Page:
RIC has been shown to reduce contrast-induced nephropathy (CIN) and contrast-induced acute kidney injury.

5 randomized clinical trials comprising 480 patients. The first report showed a benefit in patients at extremely high risk of injury, those with Stage 3 or 4 kidney disease, diabetes, or heart failure: 

reduced incidence of contrast induced nephropathy (CIN) with a 70% reduction, from 40% to 12%, with no patients in the treated arm needing in-hospital dialysis compared with 14% in the control group,

and a reduced six-week readmission rates (a 60% reduction, from 36% to 14%). 

Similar protection was seen in cancer patients undergoing contrast-enhanced computed tomography (CECT): a 35% reduction in CIN across the population, and the patients at highest risk benefited the most, with a 60% reduction.

Clinical trials involving cardiac patients,show that RIC can protect the kidneys as well as the heart.

Systematic reviews and analysis of RIC in cardiac surgery, examining thirteen trials involving 891 patients, and found that RIC treatment reduced troponin levels by 21% to 49%. 

72-hour cardiac troponin AUC showed a benefit from RIC treatment.

The effect of RIC on clinical outcomes in coronary artery bypass grafting (CABG), showed that RIC treatment reduced troponin levels and improved long-term morbidity and mortality: patients who received the anesthetic isoflurane benefited from the treatment, the anesthetic propofol blocked the effects of RIC.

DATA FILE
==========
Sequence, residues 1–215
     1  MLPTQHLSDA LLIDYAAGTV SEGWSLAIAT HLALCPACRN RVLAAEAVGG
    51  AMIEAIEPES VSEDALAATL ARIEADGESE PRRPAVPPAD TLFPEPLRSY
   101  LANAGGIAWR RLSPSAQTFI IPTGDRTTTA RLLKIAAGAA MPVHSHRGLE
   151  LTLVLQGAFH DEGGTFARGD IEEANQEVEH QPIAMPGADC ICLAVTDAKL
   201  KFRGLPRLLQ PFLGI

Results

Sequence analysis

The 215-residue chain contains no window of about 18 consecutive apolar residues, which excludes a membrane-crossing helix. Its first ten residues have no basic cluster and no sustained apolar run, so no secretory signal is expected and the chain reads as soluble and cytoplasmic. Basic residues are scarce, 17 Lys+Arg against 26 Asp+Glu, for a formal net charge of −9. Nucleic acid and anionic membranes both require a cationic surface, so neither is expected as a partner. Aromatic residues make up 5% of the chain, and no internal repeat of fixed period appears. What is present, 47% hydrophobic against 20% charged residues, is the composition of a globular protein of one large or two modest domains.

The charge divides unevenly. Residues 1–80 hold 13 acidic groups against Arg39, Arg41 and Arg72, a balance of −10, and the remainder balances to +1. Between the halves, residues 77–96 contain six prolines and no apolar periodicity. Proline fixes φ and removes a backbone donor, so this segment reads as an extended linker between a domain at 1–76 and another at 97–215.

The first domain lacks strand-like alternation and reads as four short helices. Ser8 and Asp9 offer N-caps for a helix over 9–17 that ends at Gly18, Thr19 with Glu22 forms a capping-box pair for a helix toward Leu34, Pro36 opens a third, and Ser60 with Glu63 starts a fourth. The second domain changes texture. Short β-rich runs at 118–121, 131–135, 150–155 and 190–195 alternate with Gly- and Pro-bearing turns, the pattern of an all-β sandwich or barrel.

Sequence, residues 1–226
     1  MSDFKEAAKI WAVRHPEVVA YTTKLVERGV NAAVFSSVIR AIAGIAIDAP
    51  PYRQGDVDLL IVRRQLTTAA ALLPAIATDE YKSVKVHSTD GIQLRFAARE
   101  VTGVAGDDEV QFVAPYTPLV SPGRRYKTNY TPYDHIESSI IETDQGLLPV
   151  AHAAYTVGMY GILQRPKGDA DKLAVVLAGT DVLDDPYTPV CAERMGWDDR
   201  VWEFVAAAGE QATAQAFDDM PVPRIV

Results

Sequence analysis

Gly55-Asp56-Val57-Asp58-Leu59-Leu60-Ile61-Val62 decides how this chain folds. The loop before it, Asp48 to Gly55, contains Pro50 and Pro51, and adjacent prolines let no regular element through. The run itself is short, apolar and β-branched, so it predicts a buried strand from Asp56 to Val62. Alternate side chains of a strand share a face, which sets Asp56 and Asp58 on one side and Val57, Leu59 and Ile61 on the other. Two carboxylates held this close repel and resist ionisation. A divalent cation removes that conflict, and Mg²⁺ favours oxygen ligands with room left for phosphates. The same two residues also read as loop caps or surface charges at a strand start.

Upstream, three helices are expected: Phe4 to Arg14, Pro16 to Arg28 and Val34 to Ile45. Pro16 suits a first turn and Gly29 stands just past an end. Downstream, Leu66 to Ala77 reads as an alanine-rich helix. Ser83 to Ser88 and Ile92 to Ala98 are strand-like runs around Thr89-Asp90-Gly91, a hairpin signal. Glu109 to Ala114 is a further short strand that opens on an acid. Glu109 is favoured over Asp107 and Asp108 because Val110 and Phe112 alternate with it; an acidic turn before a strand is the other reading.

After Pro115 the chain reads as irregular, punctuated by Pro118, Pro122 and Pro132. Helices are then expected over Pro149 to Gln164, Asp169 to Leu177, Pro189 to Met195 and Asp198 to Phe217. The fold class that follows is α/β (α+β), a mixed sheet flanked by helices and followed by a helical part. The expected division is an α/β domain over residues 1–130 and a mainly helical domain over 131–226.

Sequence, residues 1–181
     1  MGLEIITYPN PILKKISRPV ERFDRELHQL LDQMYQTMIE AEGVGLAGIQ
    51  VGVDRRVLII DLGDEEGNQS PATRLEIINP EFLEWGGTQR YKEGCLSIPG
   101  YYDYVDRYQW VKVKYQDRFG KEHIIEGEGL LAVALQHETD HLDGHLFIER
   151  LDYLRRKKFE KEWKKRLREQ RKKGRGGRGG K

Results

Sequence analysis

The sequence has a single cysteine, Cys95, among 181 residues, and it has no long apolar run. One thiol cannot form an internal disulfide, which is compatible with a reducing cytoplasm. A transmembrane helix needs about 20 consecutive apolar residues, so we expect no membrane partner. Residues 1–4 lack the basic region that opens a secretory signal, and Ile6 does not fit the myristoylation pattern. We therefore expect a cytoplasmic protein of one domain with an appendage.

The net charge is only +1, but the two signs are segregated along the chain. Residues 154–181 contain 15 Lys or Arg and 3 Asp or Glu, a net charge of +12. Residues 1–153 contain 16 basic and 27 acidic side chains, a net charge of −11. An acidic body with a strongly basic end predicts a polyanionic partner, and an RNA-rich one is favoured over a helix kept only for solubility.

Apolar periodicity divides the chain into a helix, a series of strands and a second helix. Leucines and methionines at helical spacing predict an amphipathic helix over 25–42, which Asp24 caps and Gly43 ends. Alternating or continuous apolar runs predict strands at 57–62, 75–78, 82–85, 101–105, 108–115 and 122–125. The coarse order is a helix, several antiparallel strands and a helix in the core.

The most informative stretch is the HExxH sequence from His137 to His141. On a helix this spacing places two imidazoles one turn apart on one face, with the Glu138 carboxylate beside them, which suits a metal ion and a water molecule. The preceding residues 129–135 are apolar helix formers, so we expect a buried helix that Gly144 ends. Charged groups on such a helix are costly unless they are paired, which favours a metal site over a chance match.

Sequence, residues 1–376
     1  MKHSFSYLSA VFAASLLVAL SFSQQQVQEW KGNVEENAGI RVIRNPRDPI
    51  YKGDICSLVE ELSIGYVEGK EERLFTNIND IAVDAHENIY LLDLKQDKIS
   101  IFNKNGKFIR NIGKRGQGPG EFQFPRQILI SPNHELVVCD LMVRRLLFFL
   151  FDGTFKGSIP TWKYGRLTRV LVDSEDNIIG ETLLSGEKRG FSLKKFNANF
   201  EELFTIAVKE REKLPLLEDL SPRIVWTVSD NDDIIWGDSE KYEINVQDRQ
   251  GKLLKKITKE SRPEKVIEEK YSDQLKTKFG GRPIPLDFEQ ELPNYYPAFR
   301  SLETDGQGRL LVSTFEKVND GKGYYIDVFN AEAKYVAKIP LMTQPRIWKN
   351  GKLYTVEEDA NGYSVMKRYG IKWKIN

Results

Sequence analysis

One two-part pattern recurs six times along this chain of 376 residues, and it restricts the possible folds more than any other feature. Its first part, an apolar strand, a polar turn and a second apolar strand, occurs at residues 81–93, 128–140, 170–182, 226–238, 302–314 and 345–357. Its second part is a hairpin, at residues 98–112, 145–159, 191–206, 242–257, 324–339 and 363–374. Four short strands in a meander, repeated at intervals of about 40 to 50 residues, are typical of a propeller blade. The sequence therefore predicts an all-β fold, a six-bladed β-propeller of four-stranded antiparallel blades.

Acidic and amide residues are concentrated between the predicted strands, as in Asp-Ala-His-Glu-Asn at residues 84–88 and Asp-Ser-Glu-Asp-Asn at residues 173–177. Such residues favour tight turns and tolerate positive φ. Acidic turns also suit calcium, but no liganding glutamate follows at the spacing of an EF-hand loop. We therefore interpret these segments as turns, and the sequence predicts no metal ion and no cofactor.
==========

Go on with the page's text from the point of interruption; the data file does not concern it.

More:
Propofol abolishes the phosphorylation of STAT5, a key survival molecule that is activated by RIC. 

A trial in high-risk CABG patients showed a reduced incidence of surgical acute kidney injury in RIC-treated patients (37.5% vs. 52.5%, a reduced need for dialysis, and shorter stays in the intensive care unit.

Because RIC modifies the expression of genes involved in inflammation, coagulation, and complement pathways, repeated treatments could aid recovery or prevent disease progression in a variety of chronic conditions. 

Repeated daily RIC treatments lead to significant downregulation of neutrophil activation and proinflammatory responses and could reduce post-heart-attack inflammation.

RIC is thought to remotely recruit neuroprotective pathways, and its safety, feasibility, and low cost give it high potential in a wide variety of neurological conditions.

RIC not only confers protection against ischemia-reperfusion injury, but also increases cerebral blood flow, which may contribute to the neuroprotective effect.

In the RICAMIS Randomized  Clinical Trial, a randomized trial that included 1893 patients with acute-moderate is chemic stroke, excellent neurologic function at 90 days in those randomize to RIC compare with usual care occur in 67.4% versus 62% difference that was statistically significant.

 In a randomized trial of RIC in acute stroke patients, compared with standard treatment, RIC increased tissue survival after one month and reduced the risk of infarction in high-risk tissue.